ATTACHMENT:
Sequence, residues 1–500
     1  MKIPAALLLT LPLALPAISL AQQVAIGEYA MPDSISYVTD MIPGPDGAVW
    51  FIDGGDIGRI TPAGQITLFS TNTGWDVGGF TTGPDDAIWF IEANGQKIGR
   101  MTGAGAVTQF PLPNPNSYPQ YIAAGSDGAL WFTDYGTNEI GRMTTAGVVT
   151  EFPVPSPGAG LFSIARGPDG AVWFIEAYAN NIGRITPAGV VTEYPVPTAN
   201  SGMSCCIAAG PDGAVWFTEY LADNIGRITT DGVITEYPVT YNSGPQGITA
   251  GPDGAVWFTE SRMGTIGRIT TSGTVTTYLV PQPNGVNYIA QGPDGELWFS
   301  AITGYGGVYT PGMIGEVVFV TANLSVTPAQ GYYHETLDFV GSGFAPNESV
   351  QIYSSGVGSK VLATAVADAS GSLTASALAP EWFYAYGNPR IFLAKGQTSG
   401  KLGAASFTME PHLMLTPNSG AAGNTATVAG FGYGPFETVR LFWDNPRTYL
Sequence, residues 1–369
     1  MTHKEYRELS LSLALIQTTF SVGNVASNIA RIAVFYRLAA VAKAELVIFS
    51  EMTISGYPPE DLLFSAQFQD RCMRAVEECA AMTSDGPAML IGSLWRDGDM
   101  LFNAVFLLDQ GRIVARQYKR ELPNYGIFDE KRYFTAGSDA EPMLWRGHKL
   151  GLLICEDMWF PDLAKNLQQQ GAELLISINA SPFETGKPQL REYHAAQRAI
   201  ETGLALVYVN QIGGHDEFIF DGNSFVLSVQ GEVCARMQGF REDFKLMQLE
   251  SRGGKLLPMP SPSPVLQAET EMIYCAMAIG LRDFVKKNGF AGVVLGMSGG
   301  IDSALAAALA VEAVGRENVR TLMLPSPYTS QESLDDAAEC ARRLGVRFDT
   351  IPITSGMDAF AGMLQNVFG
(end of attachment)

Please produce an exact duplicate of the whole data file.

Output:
Sequence, residues 1–500
     1  MKIPAALLLT LPLALPAISL AQQVAIGEYA MPDSISYVTD MIPGPDGAVW
    51  FIDGGDIGRI TPAGQITLFS TNTGWDVGGF TTGPDDAIWF IEANGQKIGR
   101  MTGAGAVTQF PLPNPNSYPQ YIAAGSDGAL WFTDYGTNEI GRMTTAGVVT
   151  EFPVPSPGAG LFSIARGPDG AVWFIEAYAN NIGRITPAGV VTEYPVPTAN
   201  SGMSCCIAAG PDGAVWFTEY LADNIGRITT DGVITEYPVT YNSGPQGITA
   251  GPDGAVWFTE SRMGTIGRIT TSGTVTTYLV PQPNGVNYIA QGPDGELWFS
   301  AITGYGGVYT PGMIGEVVFV TANLSVTPAQ GYYHETLDFV GSGFAPNESV
   351  QIYSSGVGSK VLATAVADAS GSLTASALAP EWFYAYGNPR IFLAKGQTSG
   401  KLGAASFTME PHLMLTPNSG AAGNTATVAG FGYGPFETVR LFWDNPRTYL
Sequence, residues 1–369
     1  MTHKEYRELS LSLALIQTTF SVGNVASNIA RIAVFYRLAA VAKAELVIFS
    51  EMTISGYPPE DLLFSAQFQD RCMRAVEECA AMTSDGPAML IGSLWRDGDM
   101  LFNAVFLLDQ GRIVARQYKR ELPNYGIFDE KRYFTAGSDA EPMLWRGHKL
   151  GLLICEDMWF PDLAKNLQQQ GAELLISINA SPFETGKPQL REYHAAQRAI
   201  ETGLALVYVN QIGGHDEFIF DGNSFVLSVQ GEVCARMQGF REDFKLMQLE
   251  SRGGKLLPMP SPSPVLQAET EMIYCAMAIG LRDFVKKNGF AGVVLGMSGG
   301  IDSALAAALA VEAVGRENVR TLMLPSPYTS QESLDDAAEC ARRLGVRFDT
   351  IPITSGMDAF AGMLQNVFG